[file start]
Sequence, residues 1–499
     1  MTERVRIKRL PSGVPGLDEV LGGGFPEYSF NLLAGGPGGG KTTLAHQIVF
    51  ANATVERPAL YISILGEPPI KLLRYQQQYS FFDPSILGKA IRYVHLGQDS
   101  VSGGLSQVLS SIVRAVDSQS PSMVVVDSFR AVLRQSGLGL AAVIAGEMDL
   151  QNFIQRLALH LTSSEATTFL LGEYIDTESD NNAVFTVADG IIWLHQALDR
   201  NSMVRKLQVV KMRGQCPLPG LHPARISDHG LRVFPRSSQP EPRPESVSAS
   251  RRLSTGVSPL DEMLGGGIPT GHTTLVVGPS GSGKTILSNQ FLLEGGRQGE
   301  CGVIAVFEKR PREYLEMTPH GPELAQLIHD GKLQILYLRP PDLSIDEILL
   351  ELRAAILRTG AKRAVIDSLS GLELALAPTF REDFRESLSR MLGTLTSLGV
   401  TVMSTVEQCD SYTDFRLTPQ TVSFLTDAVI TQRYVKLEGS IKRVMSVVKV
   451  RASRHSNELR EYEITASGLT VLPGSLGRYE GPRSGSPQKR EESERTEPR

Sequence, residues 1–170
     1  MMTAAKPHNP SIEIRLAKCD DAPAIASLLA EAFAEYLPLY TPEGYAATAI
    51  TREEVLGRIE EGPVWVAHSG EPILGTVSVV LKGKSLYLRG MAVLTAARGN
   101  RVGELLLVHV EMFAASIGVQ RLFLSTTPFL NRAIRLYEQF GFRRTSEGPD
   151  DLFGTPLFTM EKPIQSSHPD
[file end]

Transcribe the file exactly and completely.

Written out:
Sequence, residues 1–499
     1  MTERVRIKRL PSGVPGLDEV LGGGFPEYSF NLLAGGPGGG KTTLAHQIVF
    51  ANATVERPAL YISILGEPPI KLLRYQQQYS FFDPSILGKA IRYVHLGQDS
   101  VSGGLSQVLS SIVRAVDSQS PSMVVVDSFR AVLRQSGLGL AAVIAGEMDL
   151  QNFIQRLALH LTSSEATTFL LGEYIDTESD NNAVFTVADG IIWLHQALDR
   201  NSMVRKLQVV KMRGQCPLPG LHPARISDHG LRVFPRSSQP EPRPESVSAS
   251  RRLSTGVSPL DEMLGGGIPT GHTTLVVGPS GSGKTILSNQ FLLEGGRQGE
   301  CGVIAVFEKR PREYLEMTPH GPELAQLIHD GKLQILYLRP PDLSIDEILL
   351  ELRAAILRTG AKRAVIDSLS GLELALAPTF REDFRESLSR MLGTLTSLGV
   401  TVMSTVEQCD SYTDFRLTPQ TVSFLTDAVI TQRYVKLEGS IKRVMSVVKV
   451  RASRHSNELR EYEITASGLT VLPGSLGRYE GPRSGSPQKR EESERTEPR

Sequence, residues 1–170
     1  MMTAAKPHNP SIEIRLAKCD DAPAIASLLA EAFAEYLPLY TPEGYAATAI
    51  TREEVLGRIE EGPVWVAHSG EPILGTVSVV LKGKSLYLRG MAVLTAARGN
   101  RVGELLLVHV EMFAASIGVQ RLFLSTTPFL NRAIRLYEQF GFRRTSEGPD
   151  DLFGTPLFTM EKPIQSSHPD